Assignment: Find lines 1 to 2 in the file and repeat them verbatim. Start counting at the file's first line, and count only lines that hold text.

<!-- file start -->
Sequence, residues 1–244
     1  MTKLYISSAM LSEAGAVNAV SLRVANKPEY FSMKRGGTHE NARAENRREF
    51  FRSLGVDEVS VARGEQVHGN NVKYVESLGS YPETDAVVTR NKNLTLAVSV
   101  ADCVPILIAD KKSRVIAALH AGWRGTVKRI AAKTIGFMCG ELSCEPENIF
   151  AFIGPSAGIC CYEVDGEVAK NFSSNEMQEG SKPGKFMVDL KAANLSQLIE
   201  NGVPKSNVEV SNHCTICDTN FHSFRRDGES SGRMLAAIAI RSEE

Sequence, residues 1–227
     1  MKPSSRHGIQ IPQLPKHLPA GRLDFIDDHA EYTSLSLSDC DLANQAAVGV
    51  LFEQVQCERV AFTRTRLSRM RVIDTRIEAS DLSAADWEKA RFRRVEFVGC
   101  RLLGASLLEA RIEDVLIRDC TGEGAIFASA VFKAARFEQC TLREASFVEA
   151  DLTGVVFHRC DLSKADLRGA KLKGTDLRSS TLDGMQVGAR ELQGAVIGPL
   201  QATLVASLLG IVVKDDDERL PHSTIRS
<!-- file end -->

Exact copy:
Sequence, residues 1–244
     1  MTKLYISSAM LSEAGAVNAV SLRVANKPEY FSMKRGGTHE NARAENRREF